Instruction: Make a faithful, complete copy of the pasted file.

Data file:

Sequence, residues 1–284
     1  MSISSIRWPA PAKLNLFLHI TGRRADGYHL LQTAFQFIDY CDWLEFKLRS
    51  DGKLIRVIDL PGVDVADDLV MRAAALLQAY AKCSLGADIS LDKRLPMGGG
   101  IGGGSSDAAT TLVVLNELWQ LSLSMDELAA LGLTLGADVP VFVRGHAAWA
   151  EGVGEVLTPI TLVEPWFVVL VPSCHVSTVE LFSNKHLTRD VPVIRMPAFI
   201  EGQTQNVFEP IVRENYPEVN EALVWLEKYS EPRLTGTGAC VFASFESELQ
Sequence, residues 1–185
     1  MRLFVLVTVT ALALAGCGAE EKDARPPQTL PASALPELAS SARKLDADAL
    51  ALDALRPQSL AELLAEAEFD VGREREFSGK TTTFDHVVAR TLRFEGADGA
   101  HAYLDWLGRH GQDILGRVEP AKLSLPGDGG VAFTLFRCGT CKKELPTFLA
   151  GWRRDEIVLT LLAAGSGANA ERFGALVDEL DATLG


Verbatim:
Sequence, residues 1–284
     1  MSISSIRWPA PAKLNLFLHI TGRRADGYHL LQTAFQFIDY CDWLEFKLRS
    51  DGKLIRVIDL PGVDVADDLV MRAAALLQAY AKCSLGADIS LDKRLPMGGG
   101  IGGGSSDAAT TLVVLNELWQ LSLSMDELAA LGLTLGADVP VFVRGHAAWA
   151  EGVGEVLTPI TLVEPWFVVL VPSCHVSTVE LFSNKHLTRD VPVIRMPAFI
   201  EGQTQNVFEP IVRENYPEVN EALVWLEKYS EPRLTGTGAC VFASFESELQ
Sequence, residues 1–185
     1  MRLFVLVTVT ALALAGCGAE EKDARPPQTL PASALPELAS SARKLDADAL
    51  ALDALRPQSL AELLAEAEFD VGREREFSGK TTTFDHVVAR TLRFEGADGA
   101  HAYLDWLGRH GQDILGRVEP AKLSLPGDGG VAFTLFRCGT CKKELPTFLA
   151  GWRRDEIVLT LLAAGSGANA ERFGALVDEL DATLG